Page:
Waititi doesn't overthink his comedy. This is not the cold, crystalline satire of Stanley Kubrick's "Dr. Strangelove." It is a comedy that comes at you from an emotional level and through the flawed humanity of the characters. Waititi has a gift for making us care about his characters from the bickering vampire roommates of "What We Do in the Shadows" to the superheroes of the Marvel Universe. He shows us Jojo's point of view and doesn't judge him but rather tries to show what contributes to a young boy willingly buying into Nazi propaganda and then how those ideas can be turned by real world experiences.

Merchant pointed out that finding humor in "big or difficult subjects" is nothing new.

"It puts me in mind of films like 'Dr. Strangelove,' there's no more bleak subject the nuclear apocalypse [or] Monty Python's 'Life of Brian' and in this case we're dealing with Hitler, we're dealing with prejudice and the way that sort of I suppose people can get swept up in a particular ideology, particularly children. And so in that regard it fits into an even longer tradition of movies that satirized and mocked Hitler right back to the 1940s when he was still in power, obviously Chaplin's 'The Great Dictator' being a prime example but also Lubitsch did it with "To Be Or Not To Be, later Mel Brooks in the '60s [with 'The Producers'] and certainly in the UK where I'm from there was a long tradition of people mocking Hitler."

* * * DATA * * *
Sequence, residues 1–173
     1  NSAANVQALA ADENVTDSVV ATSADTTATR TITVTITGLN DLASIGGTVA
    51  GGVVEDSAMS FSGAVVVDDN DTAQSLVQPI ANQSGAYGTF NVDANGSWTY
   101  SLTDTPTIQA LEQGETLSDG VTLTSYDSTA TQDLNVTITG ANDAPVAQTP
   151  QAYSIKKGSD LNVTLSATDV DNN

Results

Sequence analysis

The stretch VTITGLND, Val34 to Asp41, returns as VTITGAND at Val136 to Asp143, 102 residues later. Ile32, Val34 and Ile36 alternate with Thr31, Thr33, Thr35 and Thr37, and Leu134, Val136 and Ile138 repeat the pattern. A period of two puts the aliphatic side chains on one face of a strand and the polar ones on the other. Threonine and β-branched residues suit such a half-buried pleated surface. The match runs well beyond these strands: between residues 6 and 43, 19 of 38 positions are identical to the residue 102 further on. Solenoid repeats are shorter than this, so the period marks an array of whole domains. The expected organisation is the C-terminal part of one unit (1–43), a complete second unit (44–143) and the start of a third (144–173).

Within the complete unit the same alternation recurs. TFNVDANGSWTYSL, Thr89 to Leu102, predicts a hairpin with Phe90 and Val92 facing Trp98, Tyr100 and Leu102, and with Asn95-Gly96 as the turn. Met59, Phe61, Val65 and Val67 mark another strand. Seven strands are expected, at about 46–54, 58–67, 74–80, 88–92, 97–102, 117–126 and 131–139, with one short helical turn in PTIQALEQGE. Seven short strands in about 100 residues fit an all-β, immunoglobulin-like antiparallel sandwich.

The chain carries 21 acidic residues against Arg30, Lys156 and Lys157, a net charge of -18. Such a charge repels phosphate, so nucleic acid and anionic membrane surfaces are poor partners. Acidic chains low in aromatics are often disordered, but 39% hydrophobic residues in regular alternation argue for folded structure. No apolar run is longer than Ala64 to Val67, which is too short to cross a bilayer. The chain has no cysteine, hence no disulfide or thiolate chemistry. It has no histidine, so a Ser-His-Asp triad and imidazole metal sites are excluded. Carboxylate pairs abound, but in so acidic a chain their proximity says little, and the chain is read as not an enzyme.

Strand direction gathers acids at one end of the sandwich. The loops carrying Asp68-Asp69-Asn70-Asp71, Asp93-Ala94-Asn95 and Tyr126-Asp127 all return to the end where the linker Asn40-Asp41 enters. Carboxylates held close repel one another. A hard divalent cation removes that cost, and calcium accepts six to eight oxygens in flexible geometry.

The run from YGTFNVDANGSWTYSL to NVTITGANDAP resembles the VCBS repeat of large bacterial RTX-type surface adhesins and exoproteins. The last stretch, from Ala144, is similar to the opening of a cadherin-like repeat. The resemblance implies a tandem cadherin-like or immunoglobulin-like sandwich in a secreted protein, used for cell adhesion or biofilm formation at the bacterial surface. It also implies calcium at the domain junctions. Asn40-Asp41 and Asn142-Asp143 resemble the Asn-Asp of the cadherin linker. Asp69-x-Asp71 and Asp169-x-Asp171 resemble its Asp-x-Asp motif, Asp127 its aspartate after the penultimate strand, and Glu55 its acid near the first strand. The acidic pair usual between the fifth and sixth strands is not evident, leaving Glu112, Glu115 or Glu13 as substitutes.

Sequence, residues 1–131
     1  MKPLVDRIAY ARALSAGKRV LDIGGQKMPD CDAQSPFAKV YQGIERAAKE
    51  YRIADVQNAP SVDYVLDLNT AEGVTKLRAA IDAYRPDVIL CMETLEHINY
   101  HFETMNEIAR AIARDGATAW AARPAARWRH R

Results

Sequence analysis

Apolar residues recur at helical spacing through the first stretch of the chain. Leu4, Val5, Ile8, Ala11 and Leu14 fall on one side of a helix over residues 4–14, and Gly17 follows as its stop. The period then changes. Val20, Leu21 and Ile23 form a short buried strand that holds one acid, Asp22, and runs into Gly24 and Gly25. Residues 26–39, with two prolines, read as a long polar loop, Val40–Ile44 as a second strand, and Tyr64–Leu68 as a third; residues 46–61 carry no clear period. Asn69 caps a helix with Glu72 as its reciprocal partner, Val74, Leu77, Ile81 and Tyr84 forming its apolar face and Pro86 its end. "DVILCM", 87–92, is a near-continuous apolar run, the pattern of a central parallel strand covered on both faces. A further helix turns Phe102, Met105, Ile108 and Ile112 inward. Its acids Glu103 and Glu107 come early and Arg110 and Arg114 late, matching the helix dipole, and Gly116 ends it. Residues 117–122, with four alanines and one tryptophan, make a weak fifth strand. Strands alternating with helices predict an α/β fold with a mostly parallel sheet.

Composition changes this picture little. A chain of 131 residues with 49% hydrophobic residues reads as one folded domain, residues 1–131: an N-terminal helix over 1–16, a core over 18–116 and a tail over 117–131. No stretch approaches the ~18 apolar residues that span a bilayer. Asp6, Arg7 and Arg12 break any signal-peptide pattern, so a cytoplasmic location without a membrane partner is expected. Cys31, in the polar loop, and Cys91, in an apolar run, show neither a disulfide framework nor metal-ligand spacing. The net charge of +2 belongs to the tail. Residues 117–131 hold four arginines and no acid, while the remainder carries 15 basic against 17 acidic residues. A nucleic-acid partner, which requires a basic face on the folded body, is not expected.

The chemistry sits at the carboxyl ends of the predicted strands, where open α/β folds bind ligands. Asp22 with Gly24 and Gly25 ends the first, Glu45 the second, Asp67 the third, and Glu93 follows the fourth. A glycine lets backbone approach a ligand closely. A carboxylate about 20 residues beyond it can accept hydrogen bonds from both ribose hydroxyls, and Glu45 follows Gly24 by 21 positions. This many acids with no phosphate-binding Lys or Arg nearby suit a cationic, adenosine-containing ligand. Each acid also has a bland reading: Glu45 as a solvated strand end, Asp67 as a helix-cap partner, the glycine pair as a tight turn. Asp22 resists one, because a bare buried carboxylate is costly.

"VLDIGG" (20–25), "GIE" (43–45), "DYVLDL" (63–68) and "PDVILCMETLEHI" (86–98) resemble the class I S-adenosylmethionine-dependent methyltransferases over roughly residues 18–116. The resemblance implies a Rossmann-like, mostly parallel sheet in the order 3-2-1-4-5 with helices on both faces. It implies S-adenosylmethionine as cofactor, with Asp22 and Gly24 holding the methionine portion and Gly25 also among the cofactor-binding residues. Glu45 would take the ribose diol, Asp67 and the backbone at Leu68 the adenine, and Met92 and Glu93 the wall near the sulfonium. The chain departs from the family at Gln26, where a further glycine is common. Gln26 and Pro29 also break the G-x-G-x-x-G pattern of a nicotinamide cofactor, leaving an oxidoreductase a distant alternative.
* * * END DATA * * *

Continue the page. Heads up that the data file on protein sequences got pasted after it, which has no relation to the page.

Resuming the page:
Waititi's plays a version of Hitler filtered through a young boy's imagination so it begins as somewhat endearing and fatherly but as Jojo starts to question Hitler's dogma, Waititi's performance grows more petulant and juvenile and his tantrums may remind you of some more contemporary political leaders here and abroad.

The film also benefits from some truly spectacular and engaging performances by the young cast of Davis as well as McKenzie and the absolutely lovable Archie Yates as Jojo's friend. Waititi has a gift for casting the right person for every role and he coaches wonderfully nuanced comic performances from these young players.

"Jojo Rabbit" makes us laugh at some truly scary things and when the Allied troops roll into Germany, it's not the joyous event you might expect and that goes to the film's sly audacity to not give into a simple feel good ending. It wants to make you laugh but it also wants to make you think. And kudos to Waititi to making us do both in such an entertaining and bittersweet way.

Listen to my full interview with actor Stephen Merchant where he talks about "Jojo Rabbit" and how to play a Nazi for laughs on Cinema Junkie Podcast 181.

Photo of Beth Accomando

Beth Accomando
Arts & Culture Reporter

opening quote marksclosing quote marksI cover arts and culture, from Comic-Con to opera, from pop entertainment to fine art, from zombies to Shakespeare. I am interested in going behind the scenes to explore the creative process; seeing how pop culture reflects social issues; and providing a context for art and entertainment.